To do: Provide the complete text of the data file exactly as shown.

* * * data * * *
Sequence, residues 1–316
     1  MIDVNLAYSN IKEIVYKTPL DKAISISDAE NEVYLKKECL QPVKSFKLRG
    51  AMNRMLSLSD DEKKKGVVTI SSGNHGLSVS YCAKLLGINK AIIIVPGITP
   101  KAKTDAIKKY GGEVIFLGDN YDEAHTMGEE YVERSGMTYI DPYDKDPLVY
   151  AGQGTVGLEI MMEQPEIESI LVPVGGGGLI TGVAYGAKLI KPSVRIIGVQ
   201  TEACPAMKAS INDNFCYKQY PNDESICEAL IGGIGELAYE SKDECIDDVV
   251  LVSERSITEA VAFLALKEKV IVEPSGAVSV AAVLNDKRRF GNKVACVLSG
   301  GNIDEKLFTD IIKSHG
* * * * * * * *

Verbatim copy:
Sequence, residues 1–316
     1  MIDVNLAYSN IKEIVYKTPL DKAISISDAE NEVYLKKECL QPVKSFKLRG
    51  AMNRMLSLSD DEKKKGVVTI SSGNHGLSVS YCAKLLGINK AIIIVPGITP
   101  KAKTDAIKKY GGEVIFLGDN YDEAHTMGEE YVERSGMTYI DPYDKDPLVY
   151  AGQGTVGLEI MMEQPEIESI LVPVGGGGLI TGVAYGAKLI KPSVRIIGVQ
   201  TEACPAMKAS INDNFCYKQY PNDESICEAL IGGIGELAYE SKDECIDDVV
   251  LVSERSITEA VAFLALKEKV IVEPSGAVSV AAVLNDKRRF GNKVACVLSG
   301  GNIDEKLFTD IIKSHG